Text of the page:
I was left spell bound and unsure of how to respond when Masthi offered me a dripping piece of the crushed hive – honey, wax and possibly some unlucky pupa and larva.  I had never tasted anything like this and it surely was finger licking good. Masthi felt that we had enough adventure for the day and we started to walk back to Hosahalli.   On the way back, I could not contain my curiosity any longer and was keen to know why Kala sliced the hive so low and had left most of the honey back in the hive itself. It seemed economically stupid that someone would leave behind much of the honey back in the hive and still feel that they had completed a good days job.  Masthi’s answer continues to resonate in my ears even today.  For him this was indeed a no-brainer.  He simplistically explained that the honey belonged to the bees and that they were actually thieves stealing it from them.  In fact, the song that they were singing was to seek the bees’ forgiveness for taking away what was rightfully theirs.  He said that since the bees had done all the hard work in collecting the honey, it was only more than fair that they left behind most of it for them to use during the difficult months ahead.   If he and his people did not have to use this part of the hive with the honey in it for food and preparing medicines, he would not even have taken this much too.   And Masthi and his fellow tribals were bringing back this hive not just for themselves but to be shared amongst all his clansmen.   For a person educated in a system that looks to maximizing profits and minimizing labour, this lesson in compassion, fairness and sharing seemed perplexing.  For a world that seems to be rapidly absorbing and celebrating the spirit of market economics and individual attainment, Masthi and his fellow tribals will seem unreal and this anecdote difficult to believe. Masthi and people of his generation are long dead now but along with them has also disappeared this sustainable and meaningful way of living too.  What is worrisome is not just the fact that this lifestyle sounds impractical and difficult to subscribe to for many of us, but is also no longer a part of the culture and life of our indigenous brethren too.  While one may feel that modern existence and the pressure of a consumer economy will neither slow down nor have the space for people like Masthi, we need to contemplate and think on how we can integrate this paradigm into our everyday lives.  For without it, sustainable development will only remain a slogan that is bandied about in international conferences and global summits.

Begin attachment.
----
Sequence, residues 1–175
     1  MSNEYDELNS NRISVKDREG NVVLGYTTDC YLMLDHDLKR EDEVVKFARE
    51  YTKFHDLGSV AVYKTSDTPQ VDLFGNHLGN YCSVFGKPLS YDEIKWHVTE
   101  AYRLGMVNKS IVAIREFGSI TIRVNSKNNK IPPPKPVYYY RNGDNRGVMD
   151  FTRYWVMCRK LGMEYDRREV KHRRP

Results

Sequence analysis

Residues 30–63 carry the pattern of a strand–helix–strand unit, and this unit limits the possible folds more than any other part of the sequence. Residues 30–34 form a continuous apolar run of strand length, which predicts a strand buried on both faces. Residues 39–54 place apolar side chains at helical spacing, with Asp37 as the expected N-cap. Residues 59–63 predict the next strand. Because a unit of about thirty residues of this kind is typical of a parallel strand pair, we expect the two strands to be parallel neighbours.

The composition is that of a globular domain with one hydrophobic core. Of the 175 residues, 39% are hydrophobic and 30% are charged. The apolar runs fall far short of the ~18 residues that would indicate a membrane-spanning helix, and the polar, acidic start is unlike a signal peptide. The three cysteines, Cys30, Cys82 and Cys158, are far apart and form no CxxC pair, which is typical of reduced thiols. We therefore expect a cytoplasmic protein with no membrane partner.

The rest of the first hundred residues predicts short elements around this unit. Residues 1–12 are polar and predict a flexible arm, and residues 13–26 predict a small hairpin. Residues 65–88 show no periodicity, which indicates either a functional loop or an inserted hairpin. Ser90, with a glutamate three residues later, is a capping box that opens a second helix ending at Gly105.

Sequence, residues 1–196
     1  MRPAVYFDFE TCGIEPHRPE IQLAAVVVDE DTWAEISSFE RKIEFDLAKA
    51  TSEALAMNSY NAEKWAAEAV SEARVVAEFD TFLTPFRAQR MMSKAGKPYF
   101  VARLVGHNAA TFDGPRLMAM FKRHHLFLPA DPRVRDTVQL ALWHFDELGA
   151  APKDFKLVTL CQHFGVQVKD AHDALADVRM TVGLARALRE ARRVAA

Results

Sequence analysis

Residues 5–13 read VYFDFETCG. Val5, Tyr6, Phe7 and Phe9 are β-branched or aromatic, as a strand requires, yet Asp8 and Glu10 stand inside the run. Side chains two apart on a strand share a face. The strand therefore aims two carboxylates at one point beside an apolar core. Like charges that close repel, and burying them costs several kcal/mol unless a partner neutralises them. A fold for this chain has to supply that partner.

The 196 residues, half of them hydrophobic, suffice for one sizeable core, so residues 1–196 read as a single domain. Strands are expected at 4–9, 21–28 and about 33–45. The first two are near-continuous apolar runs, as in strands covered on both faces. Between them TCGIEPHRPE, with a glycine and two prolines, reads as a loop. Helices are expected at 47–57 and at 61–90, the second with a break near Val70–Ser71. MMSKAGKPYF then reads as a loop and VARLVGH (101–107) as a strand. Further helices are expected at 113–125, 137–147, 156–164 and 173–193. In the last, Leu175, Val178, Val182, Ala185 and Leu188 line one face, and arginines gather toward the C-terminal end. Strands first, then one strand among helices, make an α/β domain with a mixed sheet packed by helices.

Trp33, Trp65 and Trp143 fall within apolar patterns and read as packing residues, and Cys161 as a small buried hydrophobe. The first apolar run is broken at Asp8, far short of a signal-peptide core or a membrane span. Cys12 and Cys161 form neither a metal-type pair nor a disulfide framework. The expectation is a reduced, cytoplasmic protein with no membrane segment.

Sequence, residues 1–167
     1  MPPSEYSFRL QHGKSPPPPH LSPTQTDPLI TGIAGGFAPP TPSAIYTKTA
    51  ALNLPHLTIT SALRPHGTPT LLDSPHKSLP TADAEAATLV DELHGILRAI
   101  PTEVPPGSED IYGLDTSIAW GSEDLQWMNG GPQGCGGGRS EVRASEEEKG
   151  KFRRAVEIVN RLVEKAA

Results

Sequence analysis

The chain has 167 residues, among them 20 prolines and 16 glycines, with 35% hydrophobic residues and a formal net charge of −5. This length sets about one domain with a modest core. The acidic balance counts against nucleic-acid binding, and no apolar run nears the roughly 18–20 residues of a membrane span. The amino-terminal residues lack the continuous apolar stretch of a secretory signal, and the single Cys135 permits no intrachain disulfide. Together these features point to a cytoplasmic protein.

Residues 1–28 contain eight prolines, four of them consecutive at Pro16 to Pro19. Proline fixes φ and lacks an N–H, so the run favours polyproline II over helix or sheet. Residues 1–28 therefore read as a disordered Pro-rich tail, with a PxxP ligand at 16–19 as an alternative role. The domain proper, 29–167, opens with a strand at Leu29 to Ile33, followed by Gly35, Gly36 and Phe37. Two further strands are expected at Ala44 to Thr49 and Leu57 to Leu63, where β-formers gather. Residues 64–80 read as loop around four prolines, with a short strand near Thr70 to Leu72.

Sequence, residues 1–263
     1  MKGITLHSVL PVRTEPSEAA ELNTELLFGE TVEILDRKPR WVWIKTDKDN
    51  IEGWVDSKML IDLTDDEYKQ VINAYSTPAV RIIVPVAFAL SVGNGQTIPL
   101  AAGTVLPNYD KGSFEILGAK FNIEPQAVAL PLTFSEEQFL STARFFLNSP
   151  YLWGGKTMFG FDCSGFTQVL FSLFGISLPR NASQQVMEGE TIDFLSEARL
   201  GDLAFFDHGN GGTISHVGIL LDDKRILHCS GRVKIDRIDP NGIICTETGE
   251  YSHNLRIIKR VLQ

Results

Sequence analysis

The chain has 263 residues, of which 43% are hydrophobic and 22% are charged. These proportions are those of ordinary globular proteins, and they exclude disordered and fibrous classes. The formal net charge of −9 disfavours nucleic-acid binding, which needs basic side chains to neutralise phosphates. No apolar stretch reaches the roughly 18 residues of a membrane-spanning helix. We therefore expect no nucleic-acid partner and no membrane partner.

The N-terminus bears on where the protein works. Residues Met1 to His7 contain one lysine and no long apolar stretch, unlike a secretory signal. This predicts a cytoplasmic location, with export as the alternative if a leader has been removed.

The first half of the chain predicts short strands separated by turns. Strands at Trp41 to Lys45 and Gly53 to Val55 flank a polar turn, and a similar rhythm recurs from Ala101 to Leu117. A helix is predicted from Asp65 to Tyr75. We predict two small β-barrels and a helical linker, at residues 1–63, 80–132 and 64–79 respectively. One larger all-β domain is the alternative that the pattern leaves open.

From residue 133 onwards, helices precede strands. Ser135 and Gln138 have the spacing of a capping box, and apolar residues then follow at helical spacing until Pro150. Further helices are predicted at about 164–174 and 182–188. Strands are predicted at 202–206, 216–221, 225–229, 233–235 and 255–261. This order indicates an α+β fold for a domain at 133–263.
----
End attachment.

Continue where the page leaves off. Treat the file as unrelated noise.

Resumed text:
The same article appeared in the Star of Mysore dated 26th April 2017  & can be read here:SOM article 26 Apl 17

The transformation of Chikkaputti

Many years ago, I ran chasing young Manjula (whom I used to fondly call Chikkaputti), a 7-year-old Jenukuruba tribal girl. She was determined to escape being caught and was trying her desperate best to avoid coming to our school.  Not someone who would give up easily, I went after her as she took flight into the forest by jumping over the shallow trench separating the school form the neighbouring Bandipur National Park. After 15 minutes of this cat and mouse game, Chikkaputti finally decided that she had troubled me enough and allowed herself to be caught and brought back to the school. I still vividly remember the many times we enacted this drama that would leave me bleeding from the many scratches and bruises that the local shrubs left me with.  Chikkaputti did go on to finish her schooling and outdid herself.  She was one of the first Jenukuruba (considered a Primitive and Vulnerable Tribal Group in India) persons to complete her 10th standard and was a natural artist.  She could paint and sketch astounding images, all from her memory. She decided to put on hold her studies for a few years and asked to work in our own school as a teacher.  I still remember her trying to convince me why it was important for her to work now rather than go on and study.  She wanted to take care of her single mother and her family and also save some money for her future educational needs.  After a few years, she wanted to study and we got her into a good art school in Mysore.  Dr Vasantha, one of SVYM’s friend and well-wisher agreed to play host and asked Chikkaputti to stay with her during her studies.  Chikkaputti not only went to acquire a professional qualification in art and painting but also did very well in her final exams at the state level.